IAG visited the recently established Japan Casino Academy in Osaka to find out about dealer training for the nation’s burgeoning casino industry.
Japan’s IR Implementation Act was passed last July and everyone in the industry – as well as those who want to be part of it – are champing at the bit to be involved. The plan is for integrated resorts, including casinos, to be up and running by 2025. It sounds a long way off but in terms of opening multi-billion dollar resorts it’s not much time at all.
One of the key new professions IRs will bring to Japan is that of the “casino dealer”, for which local talent must be trained. IAG visited the Japan Casino Academy’s Osaka campus to learn more.
Osaka has wasted no time in jumping on the IR bandwagon. Like mushrooms after a rain, a host of businesses have been announcing their IR-related projects throughout Osaka city, including everything from restaurants and amusement gaming venues to one of the most prominent, the IR Cafe.
But Osaka’s Japan Casino Academy surely ranks among the most important new operations to open its doors.
Launched in May 2017, it was the first real dealer training facility to be opened in Western Japan. The campus is located on Yotsubashi Street in Osaka, a short walk from Yotsubashi Station. It’s a popular area for young people and tourists.
Japan Casino Academy was originally established in May 2014, in the Yotsuya area of Tokyo. Its base has now moved to Shibuya with campuses set up in Nagoya, Fukuoka and Sapporo. New locations are planned in the Ikebukuro area of Tokyo, Yokohama, Kyoto and Kobe within the year.
“When we first opened, things were pretty quiet, but once the legislation passed last July, things got busy quick,” explains 34-year-old school director, Takafumi Maekawa. “There are many local events in Osaka and we hope to assist in making casinos and table games more popular.”
The Osaka campus features three card tables and one roulette table. There is also a card table and roulette table in a separate VIP room. On the day IAG visited, a “Casino Game Tournament” was being held with about 15 guests playing blackjack, baccarat, poker and roulette – all just for fun and educational purposes, of course. As an aside, IAG also joined in the fun. We tried throwing a roulette ball and found it to be quite difficult. Dealing cards was next to impossible.
Not so for one of the dealers present at the time, a recent graduate of the school, who was handling the cards smoothly. He now works as an instructor at the school while moonlighting as a dealer at hotel events and parties.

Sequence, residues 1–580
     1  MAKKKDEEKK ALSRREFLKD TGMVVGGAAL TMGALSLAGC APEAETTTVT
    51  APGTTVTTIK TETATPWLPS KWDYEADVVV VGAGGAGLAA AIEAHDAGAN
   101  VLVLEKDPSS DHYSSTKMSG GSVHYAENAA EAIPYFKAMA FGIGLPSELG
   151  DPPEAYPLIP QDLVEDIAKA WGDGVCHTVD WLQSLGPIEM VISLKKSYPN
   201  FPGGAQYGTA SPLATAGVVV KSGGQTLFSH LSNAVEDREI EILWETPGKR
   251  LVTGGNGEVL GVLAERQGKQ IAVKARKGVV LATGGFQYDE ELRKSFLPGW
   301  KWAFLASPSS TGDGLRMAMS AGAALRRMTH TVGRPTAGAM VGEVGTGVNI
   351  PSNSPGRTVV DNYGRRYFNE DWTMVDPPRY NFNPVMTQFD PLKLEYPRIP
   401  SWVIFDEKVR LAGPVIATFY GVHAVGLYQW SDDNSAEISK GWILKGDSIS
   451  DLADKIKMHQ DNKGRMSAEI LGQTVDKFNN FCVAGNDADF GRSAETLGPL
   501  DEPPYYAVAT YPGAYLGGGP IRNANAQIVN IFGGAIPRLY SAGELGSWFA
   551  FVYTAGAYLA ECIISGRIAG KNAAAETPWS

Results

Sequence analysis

“My dream is to work at a casino overseas, then eventually come back to be a dealer in Japan,” he explained.
The school already has well-established pipelines to IR operators in Macau, South Korea, the Philippines and Singapore, where a number of graduates have been recruited to work at the iconic Marina Bay Sands. Director Maekawa says, “We aim to continue to strengthen our post-graduation support.”
There are four courses students can choose from at the Osaka school. The most popular “Premium Course” consists of 58 classes, each 2.5 hours in duration. The quickest graduate so far completed their course in just three months, but on average it takes most students six months to complete.
Tuition fees for this course are JPY1.3 million (US$12,000), but this includes a post-graduation overseas “field trip” with a peek into the backyard of IR operators. Past classes have traveled to Macau, last year’s trip in February was to the Australian Gold Coast and this year’s trip is planned for Las Vegas in April. The management class also includes lessons in gambling addiction where students learn about various measures taken in other countries.
As of now about 80 students have enrolled in Japan Casino Academy, Osaka campus, with 10 graduates.
“Most of our students are men with normal, salaried jobs, but there are many working women and housewives enrolled in the school as a whole. There is also one high school student and one junior high school student in 7th grade,” states Maekawa.
The demand for dealers in Japan is expected to ultimately be in the thousands or even tens of thousands. The long-standing Japan Casino School, established in 2004, also opened an Osaka campus in April of last year. Applications are expected to continue increasing as time goes on.